Raw green beans as a cat hairball remedy

Intro by Michael: this is an article by Jude, a visitor to this site. Thanks Jude, much appreciated. Hairballs are natural for a cat. The issue that humans have is that we want to avoid hairballs being vomited. Cats vomiting hairballs is also normal but humans would rather prevent it. So when we use the word “remedy” I don’t think we are referring to a “cure” for cat hairballs. We are simply managing the natural process of hairball production in a way which assists both cat and caretaker. This is a home treatment.

Until September 7th I will give 10 cents to an animal charity for every comment. It is a way to help animal welfare without much effort at no cost. Comments help this website too, which is about animal welfare.


Previously, I had two cats that loved raw green beans. The spayed smaller girl would eat about 2-3 daily – yes, daily! The larger neutered boy would keep eating as much as I gave him but I’d limit him to 4-6 depending on their size. Neither cat EVER had hairballs. I checked first to make sure green beans were safe for cats and they are. My boy considered them ‘cat candy’ and would root through my grocery shopping when I came home, looking for his presents!

Vomited grass with feline hairball nearby
Photo by Michael (July 2014)

I now have a single spayed girl who’d once been feral but now’s totally tame and gentle. She became an indoor cat only as we had coyotes around. She was used to eating grass outdoors so I’d go out to an unmown part of my backyard to pick her grass almost every day. I picked the newest tender blades only but quite a handful still. She’d eat it all and loved her grass. She became quite excited when I brought it in. The grass she ate was never vomited up. When I cleaned her litter box, I could see hair and grass mixed in her feces.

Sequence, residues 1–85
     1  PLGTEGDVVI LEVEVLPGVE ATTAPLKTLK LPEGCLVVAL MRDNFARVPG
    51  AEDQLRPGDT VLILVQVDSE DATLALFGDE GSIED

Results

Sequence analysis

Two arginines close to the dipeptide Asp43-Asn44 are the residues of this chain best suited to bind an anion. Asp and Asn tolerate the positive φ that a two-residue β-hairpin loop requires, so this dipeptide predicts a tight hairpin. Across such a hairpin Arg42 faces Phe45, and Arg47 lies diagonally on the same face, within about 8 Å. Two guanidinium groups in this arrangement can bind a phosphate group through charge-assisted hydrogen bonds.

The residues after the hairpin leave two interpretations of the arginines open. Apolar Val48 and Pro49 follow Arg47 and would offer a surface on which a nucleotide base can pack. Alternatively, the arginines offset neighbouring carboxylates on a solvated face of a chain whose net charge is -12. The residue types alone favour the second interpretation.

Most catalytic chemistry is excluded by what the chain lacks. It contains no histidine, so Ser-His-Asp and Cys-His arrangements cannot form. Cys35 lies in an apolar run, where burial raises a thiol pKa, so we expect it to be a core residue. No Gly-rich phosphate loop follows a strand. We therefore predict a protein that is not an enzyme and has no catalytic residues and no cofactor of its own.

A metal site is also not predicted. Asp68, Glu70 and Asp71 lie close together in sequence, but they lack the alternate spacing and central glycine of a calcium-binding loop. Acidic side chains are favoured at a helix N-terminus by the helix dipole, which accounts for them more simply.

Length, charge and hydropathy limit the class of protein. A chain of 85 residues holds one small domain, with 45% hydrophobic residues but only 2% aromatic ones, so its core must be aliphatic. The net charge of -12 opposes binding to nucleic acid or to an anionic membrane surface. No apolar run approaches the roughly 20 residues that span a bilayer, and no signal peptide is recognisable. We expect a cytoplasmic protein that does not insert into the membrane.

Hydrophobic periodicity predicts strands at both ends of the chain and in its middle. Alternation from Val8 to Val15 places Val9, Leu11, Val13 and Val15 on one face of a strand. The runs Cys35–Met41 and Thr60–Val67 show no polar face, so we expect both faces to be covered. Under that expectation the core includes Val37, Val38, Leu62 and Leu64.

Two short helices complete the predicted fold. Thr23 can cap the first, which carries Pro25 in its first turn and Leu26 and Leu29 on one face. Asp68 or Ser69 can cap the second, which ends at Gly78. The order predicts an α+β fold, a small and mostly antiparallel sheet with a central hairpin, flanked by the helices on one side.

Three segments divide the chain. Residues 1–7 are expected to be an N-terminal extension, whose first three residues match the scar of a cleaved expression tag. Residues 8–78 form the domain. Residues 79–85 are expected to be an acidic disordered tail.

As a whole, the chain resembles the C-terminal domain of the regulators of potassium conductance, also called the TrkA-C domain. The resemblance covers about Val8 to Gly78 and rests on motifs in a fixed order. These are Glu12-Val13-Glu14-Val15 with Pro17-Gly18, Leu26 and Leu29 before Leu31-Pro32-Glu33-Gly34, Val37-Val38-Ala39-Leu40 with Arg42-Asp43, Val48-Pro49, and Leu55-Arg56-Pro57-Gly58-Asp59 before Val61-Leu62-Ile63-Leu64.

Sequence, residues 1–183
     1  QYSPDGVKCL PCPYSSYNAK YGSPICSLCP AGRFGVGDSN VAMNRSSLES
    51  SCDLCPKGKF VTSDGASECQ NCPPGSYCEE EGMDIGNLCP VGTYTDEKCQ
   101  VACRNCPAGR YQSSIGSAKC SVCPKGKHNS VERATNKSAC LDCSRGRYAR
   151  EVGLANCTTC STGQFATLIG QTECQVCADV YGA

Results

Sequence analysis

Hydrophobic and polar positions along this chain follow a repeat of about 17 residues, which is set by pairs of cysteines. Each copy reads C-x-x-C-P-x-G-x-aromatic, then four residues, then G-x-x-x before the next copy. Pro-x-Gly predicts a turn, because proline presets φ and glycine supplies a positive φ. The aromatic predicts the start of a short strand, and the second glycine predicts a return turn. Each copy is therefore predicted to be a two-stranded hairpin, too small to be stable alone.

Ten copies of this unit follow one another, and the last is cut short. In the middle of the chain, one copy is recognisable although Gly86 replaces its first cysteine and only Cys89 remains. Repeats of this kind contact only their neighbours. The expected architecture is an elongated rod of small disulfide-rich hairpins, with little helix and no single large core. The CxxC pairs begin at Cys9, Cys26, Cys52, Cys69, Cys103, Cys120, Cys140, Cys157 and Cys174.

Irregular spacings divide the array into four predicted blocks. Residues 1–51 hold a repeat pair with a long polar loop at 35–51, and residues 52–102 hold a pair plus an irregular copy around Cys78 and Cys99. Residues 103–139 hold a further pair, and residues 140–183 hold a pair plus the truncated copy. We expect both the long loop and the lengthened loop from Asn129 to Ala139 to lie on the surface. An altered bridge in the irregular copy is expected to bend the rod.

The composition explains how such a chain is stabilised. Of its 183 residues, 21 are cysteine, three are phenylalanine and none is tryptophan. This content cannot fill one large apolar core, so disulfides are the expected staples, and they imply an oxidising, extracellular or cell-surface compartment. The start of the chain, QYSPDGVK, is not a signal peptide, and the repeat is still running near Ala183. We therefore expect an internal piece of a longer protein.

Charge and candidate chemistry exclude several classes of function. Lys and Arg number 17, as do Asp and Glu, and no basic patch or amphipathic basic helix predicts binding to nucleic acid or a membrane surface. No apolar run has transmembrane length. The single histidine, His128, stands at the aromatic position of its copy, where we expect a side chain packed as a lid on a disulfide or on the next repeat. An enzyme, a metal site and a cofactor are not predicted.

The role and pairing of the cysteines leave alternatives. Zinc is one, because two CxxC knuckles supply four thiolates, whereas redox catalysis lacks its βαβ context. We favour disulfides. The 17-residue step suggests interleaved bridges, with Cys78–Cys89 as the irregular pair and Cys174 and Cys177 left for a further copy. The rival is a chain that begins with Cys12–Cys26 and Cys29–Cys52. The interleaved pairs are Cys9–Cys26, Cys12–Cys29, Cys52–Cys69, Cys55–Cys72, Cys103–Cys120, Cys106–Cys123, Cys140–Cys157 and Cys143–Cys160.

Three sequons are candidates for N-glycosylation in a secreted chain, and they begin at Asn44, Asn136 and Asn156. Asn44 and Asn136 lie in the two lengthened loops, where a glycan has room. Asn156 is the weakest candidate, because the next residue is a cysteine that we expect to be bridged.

For the 5 years she lived at that place, she never had a hairball. Now we moved and are living in a condo (for the last 4 1/2 months) with no access to grass. She’s showing signs of developing hairballs (coughing with her neck stretched but no hairball coughed up yet). So today I made my own hairball remedy for her.

I opened one of those tiny tins anchovies come in and took about 1/4 to 1/2 teaspoon of oil from the top and mixed it with a teaspoon of Vaseline (petroleum jelly). Before anyone thinks oil from very salty tinned anchovies is bad, the oil itself is not salty as salt can not dissolve in oil (basic chemistry). Taste it and you’ll see it’s true.

The mix is soft so easy to use. I scooped it on my index finger and gently rubbed it off on the roof of her mouth. When I put her down, her tail was in the air and she happily settled to wash. I hope to see results in the litter box later.

The reason fibres like raw green beans and grass work so well is the longer fibres wrap around loose hair taking it out the nether end before it has a chance to form into a messy mass. Buying cat grass isn’t a solution for my cat now as she’d happily eat the entire thing in a single day. So when spring and warmer weather comes, I’m going to grow LOTS on my deck to have a ready supply for her. And when colder weather sets in and we can’t rely on grass, I’ll go back to my homemade treatment.

Jude

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